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Landowner Toolbox

Plan Before You Light

One of the most cost-effective methods of habitat management is the use of fire. When it comes to wild turkeys, prescribed fire should be a part your habitat management plan.

Travis Sumner November 20, 20232 min read

Burning at the right time of year, with correct weather conditions along with site selection, can create nesting and brooding habitat essential for wild turkey populations. Establishing a burning plan will help ensure productive results to the habitat along with the safety aspect of dealing with fire and smoke.

Burn Purpose and Objectives

Most burning purposes and objectives can be summarized: improve wildlife habitat while enhancing the timber stand. Removing unwanted trees not beneficial to wildlife and setting habitat back to an early successional stage creates an environment where native plant species that are beneficial to wildlife for food and cover can emerge. Your objectives should also include a burning rotation schedule.

Stand Descriptions 

Have a brief description of the area you plan to burn. Include the species, age and size of all trees. Fuel descriptions can include grasses, hardwood litter, pine straw, vines and shrub-type plants. Knowing the stand and the fuels that are within the stand will help you make decisions on the intensity of the fire you use during your controlled burn to achieve desired results.

Weather Conditions 

Weather has always dictated the timing and intensity of controlled burns. Controlled burns should be planned around days that you have optimal humidity and temperature to meet your goals. Also identify smoke-sensitive areas like highways, roads, homes or businesses that may be affected by the smoke produced from the burn. Look for wind directions that will allow smoke dispersal to travel away from these sensitive areas.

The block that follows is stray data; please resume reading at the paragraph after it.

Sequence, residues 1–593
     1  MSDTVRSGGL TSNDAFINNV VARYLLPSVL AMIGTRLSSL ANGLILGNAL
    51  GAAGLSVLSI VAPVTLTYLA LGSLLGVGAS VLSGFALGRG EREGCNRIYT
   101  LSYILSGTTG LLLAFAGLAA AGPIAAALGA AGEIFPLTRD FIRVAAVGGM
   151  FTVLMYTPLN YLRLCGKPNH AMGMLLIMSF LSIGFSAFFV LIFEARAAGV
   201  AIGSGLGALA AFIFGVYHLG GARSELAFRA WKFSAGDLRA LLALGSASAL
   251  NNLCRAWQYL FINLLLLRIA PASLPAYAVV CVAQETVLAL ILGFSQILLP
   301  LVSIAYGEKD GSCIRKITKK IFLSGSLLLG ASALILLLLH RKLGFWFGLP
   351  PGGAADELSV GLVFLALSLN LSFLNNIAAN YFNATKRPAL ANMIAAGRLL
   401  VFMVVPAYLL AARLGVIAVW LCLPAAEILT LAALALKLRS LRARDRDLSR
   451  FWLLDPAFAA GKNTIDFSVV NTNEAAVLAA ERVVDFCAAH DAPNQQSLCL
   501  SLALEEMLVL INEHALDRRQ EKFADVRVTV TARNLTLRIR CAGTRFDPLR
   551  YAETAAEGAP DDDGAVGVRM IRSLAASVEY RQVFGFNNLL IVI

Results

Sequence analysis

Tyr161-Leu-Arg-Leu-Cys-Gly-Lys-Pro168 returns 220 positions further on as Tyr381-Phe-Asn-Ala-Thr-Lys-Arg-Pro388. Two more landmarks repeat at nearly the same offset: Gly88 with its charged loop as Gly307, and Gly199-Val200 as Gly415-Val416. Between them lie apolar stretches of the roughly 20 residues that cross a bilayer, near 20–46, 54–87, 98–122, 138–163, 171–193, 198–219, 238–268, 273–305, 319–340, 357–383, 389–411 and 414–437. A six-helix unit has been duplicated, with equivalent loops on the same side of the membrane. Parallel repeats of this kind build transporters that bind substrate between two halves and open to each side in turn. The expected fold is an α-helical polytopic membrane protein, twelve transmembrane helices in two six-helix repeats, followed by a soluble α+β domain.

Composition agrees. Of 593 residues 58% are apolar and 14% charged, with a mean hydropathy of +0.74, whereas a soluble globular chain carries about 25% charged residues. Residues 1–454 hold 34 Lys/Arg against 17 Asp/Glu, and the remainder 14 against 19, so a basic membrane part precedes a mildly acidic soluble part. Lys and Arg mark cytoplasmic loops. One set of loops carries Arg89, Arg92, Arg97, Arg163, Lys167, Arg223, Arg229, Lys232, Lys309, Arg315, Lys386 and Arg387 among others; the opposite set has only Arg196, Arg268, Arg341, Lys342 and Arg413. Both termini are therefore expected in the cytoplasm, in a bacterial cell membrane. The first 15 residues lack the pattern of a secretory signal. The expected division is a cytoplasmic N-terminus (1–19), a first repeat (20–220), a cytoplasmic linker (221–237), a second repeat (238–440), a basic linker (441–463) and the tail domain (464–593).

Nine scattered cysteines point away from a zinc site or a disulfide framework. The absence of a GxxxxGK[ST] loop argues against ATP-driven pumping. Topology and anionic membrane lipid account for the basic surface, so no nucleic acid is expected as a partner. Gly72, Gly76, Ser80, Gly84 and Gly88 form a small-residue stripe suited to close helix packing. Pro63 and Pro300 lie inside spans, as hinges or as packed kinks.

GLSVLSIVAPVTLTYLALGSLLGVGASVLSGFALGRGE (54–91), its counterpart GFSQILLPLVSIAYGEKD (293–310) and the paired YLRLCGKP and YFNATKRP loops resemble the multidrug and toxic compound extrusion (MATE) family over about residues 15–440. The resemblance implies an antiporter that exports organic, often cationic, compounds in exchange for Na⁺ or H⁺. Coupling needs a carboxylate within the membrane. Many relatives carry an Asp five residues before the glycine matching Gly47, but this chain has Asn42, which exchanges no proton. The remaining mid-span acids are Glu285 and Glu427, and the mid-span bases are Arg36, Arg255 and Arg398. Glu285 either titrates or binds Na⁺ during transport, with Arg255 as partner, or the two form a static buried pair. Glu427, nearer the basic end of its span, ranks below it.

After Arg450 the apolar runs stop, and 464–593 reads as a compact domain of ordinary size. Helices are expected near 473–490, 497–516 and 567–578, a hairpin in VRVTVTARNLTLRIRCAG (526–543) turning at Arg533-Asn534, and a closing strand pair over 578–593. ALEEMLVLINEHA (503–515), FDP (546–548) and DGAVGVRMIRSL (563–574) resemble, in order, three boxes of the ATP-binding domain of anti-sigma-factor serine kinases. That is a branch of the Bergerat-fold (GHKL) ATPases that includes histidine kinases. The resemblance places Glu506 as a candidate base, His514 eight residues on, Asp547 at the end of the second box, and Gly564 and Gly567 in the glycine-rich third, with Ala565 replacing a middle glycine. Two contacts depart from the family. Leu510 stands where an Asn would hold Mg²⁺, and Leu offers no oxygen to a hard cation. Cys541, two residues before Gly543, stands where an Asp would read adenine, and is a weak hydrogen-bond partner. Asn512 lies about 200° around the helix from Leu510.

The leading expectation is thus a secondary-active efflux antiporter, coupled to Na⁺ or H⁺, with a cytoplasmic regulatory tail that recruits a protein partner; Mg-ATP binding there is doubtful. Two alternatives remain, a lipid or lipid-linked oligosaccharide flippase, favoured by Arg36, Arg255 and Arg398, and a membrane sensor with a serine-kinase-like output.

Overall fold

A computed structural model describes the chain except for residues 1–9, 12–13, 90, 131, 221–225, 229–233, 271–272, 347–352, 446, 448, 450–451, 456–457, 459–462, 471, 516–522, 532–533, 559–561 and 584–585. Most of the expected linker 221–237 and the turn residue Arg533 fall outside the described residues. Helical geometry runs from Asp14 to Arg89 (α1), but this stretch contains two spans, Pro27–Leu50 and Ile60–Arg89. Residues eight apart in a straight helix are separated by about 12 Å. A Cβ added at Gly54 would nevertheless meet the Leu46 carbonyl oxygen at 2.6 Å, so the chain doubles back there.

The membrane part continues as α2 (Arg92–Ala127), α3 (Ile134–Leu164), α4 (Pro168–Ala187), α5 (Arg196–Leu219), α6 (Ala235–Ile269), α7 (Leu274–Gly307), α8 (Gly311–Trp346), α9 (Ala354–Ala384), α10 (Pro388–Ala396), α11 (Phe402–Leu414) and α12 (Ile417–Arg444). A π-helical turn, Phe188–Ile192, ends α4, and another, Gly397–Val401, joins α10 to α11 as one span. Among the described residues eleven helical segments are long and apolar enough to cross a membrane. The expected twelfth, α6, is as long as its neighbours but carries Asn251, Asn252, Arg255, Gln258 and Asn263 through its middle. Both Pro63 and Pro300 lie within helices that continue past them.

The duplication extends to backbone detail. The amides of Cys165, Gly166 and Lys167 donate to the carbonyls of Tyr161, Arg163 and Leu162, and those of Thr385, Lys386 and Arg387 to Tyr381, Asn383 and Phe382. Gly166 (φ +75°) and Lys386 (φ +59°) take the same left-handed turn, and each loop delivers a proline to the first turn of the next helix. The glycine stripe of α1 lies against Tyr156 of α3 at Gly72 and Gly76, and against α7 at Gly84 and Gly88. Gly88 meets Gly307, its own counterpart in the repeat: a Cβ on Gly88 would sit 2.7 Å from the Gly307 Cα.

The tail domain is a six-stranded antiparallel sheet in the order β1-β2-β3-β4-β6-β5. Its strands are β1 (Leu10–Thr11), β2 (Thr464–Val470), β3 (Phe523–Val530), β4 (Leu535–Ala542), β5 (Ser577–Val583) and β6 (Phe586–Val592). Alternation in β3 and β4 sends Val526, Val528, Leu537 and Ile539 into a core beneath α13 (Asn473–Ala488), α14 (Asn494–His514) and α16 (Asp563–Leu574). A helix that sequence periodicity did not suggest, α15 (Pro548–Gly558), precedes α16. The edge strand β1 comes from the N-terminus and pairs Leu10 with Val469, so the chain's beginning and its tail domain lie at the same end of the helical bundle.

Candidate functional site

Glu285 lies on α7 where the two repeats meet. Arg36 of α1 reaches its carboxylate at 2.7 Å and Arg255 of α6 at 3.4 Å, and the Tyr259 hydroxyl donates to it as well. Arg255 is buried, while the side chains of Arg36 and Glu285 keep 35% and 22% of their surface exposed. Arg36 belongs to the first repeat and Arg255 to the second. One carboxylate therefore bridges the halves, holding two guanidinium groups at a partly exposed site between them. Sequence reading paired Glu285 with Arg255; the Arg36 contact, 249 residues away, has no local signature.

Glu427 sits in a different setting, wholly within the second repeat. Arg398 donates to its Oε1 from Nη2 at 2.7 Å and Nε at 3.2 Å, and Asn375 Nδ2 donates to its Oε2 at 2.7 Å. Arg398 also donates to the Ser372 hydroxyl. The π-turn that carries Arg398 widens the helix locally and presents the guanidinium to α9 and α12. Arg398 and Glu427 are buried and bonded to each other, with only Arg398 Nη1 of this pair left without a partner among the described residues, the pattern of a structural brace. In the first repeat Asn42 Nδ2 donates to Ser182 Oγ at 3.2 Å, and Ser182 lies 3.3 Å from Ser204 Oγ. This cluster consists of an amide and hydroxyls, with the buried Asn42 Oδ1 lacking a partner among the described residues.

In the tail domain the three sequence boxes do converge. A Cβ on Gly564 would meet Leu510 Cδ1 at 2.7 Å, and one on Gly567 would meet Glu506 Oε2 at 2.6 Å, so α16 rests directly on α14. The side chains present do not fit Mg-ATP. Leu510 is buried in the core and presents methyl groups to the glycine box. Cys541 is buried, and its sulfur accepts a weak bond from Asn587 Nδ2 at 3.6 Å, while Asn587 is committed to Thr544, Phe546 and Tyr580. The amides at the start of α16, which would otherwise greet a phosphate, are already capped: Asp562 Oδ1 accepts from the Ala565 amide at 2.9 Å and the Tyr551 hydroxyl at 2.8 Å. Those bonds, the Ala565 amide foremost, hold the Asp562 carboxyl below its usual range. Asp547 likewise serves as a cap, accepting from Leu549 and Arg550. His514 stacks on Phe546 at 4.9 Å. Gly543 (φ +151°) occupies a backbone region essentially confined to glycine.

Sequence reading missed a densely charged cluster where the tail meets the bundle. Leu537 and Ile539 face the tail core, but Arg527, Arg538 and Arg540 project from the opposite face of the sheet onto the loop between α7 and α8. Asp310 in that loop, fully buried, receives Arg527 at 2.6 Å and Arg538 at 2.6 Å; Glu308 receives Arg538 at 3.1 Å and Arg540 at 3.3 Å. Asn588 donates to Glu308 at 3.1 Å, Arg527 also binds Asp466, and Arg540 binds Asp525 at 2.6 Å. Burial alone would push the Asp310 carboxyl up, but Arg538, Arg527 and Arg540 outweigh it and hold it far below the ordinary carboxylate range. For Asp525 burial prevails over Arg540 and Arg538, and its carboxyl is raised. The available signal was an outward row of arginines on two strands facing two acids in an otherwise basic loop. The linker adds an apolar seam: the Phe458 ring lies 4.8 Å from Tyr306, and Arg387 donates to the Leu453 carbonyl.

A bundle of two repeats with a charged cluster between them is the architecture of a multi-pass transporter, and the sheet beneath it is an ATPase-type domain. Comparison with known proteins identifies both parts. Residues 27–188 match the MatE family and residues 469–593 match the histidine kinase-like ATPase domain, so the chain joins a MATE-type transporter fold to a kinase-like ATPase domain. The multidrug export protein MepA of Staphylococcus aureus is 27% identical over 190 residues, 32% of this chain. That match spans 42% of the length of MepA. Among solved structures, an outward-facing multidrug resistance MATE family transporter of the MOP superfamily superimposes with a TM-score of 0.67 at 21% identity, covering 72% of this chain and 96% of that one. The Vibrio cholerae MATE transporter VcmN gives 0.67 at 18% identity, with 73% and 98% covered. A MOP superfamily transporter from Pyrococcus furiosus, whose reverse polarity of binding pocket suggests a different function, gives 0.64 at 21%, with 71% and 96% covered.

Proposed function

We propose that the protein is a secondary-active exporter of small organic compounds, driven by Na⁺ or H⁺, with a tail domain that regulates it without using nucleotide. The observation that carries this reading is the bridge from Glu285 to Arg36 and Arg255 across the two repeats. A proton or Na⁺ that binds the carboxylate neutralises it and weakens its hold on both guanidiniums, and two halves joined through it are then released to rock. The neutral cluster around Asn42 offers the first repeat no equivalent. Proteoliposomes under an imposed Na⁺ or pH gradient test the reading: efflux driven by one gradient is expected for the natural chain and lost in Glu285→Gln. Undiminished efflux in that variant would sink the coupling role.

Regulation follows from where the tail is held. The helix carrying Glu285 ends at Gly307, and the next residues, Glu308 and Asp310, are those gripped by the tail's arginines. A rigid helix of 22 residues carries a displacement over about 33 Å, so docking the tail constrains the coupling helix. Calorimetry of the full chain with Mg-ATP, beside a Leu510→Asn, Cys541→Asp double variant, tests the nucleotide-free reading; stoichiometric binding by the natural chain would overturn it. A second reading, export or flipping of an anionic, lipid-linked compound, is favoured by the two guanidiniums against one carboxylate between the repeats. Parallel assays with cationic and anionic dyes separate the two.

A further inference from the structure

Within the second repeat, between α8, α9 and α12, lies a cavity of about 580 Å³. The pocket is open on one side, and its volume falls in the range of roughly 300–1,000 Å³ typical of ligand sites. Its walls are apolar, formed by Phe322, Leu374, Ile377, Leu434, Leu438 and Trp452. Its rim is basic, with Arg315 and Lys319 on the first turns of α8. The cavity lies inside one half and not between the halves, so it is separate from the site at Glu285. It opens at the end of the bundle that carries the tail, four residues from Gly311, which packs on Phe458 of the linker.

Advance Preparation

Firebreaks should be bladed or disced well in advance. A written fire plan helps with scheduling. Make sure that your burning equipment is in working order. Identify all adjacent landowners, local fire departments and forestry commissions that will need to be contacted the day of the burn.


A burn plan ensures the most important thing to remember when burning: the safety of yourself and those involved in conducting a burn. Make sure that you discuss firing techniques, patrolling of the burn and clean-up procedures after the burn. Identify escape routes out of the burn area in case of sudden change in the fire behavior.

You can reach out to your local state forestry commission for more information on creating a prescribed fire plan. The state forestry commission offers classes on learning to conduct controlled burns as well as prescribed fire manager courses.

Filed Under:
  • Healthy Habitats
  • Land Management
  • Prescribed Burn